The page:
FIONA TAN , the Dutch Pavilion at the Venice Biennale

A review by Helen Nisbet

One of the first pavilions we visited. Three sets of films were showing but I was most taken by 6 films, which at first looked like portraits depicting a moment in time of each subjects lives. I watched for a long time, initially because a well dressed woman was in there and I followed her, but I stayed because I was captivated by the individual stories being told. In the first one a girl/woman alone in a house, her beauty struck me at first but I went on to feel empty, sad and wanted to know where her family were – she seemed so painfully alone. Continuing this strange melancholy was a father and son combo – shot for a long time in one pose the little boy seemed to be stifling laughter, but the look on his father’s face depicted  unknown turmoil, poverty? Displacement? I’m not sure. There is a beautiful moment in this portrait where he little boy is taking a bag of rice from a shelf, the display collapses slightly, it seems so laboured and awkward – a child being watched. The beauty in this moment was mimicked for me in my favourite piece at the Arsenale.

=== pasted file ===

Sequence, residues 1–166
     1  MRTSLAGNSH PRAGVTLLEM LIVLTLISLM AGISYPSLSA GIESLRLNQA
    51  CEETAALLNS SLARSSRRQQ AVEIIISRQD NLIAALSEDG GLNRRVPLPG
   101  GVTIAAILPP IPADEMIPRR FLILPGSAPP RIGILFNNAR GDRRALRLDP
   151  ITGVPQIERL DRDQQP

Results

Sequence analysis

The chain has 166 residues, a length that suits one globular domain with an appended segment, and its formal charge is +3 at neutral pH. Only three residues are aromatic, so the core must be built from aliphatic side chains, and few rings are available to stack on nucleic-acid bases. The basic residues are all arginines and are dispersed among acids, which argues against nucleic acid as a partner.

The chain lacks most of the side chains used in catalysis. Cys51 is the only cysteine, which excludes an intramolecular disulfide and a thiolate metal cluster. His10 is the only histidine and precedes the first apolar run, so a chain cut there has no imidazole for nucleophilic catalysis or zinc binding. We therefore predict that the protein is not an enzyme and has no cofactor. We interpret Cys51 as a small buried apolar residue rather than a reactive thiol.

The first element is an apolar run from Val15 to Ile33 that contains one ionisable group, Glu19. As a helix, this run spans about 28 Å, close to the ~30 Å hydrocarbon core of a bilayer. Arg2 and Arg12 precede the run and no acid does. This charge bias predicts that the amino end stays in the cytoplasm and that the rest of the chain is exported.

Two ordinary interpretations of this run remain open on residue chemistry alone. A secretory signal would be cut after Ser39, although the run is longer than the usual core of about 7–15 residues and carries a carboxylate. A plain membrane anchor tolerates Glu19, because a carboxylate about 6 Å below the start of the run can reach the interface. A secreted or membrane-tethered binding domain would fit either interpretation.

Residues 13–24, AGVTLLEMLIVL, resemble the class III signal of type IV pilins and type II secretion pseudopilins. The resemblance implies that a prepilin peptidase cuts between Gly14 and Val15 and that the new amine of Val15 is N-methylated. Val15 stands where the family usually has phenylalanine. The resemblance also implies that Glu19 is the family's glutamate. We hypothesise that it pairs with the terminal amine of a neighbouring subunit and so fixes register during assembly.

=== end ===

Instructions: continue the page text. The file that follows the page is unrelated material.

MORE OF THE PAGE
Fiona Tan , Video installation at the Dutch Pavillion
Fiona Tan , Video installation at the Dutch Pavillion

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